Violinist Nigel Kennedy labelled a ‘disgrace’ after escaping prosecution over alleged voting fraud
- Credit: PA Archive/Press Association Ima
Former Conservative parliamentary candidate Chris Philp has labelled violinist Nigel Kennedy a “disgrace” following news the musician will not face prosecution for getting a friend to vote for Labour’s Glenda Jackson using his wife’s voting card in the 2010 general election.
Police are unable to take action against Mr Kennedy, who lives in Belsize Park, as the alleged offence took place more than a year ago.
Officers will instead send an advisory letter to the musician explaining electoral rules and potential punishments for those who break them, which can include a two-year prison sentence.
Chris Philp, the Conservative parliamentary candidate who stood against Ms Jackson in the 2010 general election and reported Mr Kennedy to the police, said: “It’s very disappointing that the time limit means this blatant piece of election fraud is going to go unpunished. But I’m very pleased the Metropolitan Police took it seriously.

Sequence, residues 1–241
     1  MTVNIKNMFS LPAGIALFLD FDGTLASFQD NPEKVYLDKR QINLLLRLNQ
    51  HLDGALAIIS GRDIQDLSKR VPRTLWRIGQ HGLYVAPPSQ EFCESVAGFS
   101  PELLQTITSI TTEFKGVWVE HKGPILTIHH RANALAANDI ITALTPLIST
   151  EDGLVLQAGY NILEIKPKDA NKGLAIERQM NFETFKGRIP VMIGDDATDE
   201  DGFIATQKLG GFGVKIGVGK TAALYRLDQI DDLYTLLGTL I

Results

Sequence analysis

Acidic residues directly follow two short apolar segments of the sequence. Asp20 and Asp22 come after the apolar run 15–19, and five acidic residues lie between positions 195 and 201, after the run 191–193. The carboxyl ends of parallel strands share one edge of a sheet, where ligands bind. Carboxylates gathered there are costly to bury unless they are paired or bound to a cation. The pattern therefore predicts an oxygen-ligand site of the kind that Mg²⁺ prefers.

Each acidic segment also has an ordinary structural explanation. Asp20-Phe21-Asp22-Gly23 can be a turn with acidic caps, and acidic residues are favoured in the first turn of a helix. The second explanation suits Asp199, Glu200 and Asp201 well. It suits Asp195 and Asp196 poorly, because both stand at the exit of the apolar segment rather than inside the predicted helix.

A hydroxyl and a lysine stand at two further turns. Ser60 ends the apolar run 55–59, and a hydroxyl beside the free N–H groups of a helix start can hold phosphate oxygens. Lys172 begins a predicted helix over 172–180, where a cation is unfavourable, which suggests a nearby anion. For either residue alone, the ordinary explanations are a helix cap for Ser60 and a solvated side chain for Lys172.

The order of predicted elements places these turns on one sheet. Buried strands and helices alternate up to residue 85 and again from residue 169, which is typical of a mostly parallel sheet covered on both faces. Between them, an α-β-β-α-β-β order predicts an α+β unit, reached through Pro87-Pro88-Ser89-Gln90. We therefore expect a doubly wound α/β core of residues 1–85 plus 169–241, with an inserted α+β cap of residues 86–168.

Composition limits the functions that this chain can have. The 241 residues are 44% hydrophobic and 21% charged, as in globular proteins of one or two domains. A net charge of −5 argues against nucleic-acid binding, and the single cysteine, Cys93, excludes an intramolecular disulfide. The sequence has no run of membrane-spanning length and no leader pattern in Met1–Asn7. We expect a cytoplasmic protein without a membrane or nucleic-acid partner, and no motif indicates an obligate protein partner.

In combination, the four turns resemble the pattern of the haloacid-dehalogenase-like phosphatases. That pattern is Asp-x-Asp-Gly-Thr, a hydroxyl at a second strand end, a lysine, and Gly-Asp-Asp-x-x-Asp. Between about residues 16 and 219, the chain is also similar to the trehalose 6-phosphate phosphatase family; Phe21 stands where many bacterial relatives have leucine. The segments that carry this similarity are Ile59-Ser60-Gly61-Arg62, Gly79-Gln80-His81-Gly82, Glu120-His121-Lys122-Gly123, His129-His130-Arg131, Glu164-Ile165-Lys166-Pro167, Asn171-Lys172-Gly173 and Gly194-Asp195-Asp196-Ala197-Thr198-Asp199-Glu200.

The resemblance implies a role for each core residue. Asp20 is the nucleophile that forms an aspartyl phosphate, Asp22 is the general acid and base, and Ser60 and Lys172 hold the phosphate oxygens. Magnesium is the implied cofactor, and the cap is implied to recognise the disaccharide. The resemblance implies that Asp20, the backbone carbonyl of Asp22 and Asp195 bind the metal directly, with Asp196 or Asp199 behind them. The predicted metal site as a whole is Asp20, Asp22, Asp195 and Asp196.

“Nigel Kennedy should be ashamed of himself, his behaviour is a disgrace.”
You may also want to watch:
In an interview with The Guardian published last month, Mr Kennedy was asked if he voted in the last election when Ms Jackson won the Hampstead and Kilburn seat by just 42 votes.
He is reported as saying, “Oh yeah”, before adding, “In fact my wife wasn’t there, so I got another friend to go and vote for Jackson with my wife’s voting card”.
- 1 Swimmers find exotic python lurking outside lido
- 2 MP bemoans closure of Lloyds Bank in Muswell Hill
- 3 Christmas at Kenwood light trail gets go-ahead
- 4 'Unacceptable': Fury over Crouch End roadworks diverting W5 bus
- 5 Dusty Springfield to Doris Lessing: A dive into West Hampstead history
- 6 Squares Pizzeria: Authentic Italian meets effortless elegance
- 7 Top spooky Halloween events in Hampstead and Highgate
- 8 'Bravery and courage': Fred Barnes plaque unveiled in Maida Vale
- 9 Golders Green Hippodrome sold as Islamic centre plan abandoned
- 10 'As a welcoming, tolerant and caring community, we have all lost'
Mr Kennedy was then asked, “Seriously?”, and he replied, “Yeah, yeah, man, and it was really worth it in that case”.
Voting as someone else without them applying for an officially sanctioned proxy vote is an offence under the Representation of the People Act 1983.
The maximum penalty is two years in prison and a fine.
Ms Jackson said: “At least it was investigated. I would hope it would act as a warning to anyone else who would think of doing anything like this in the future.”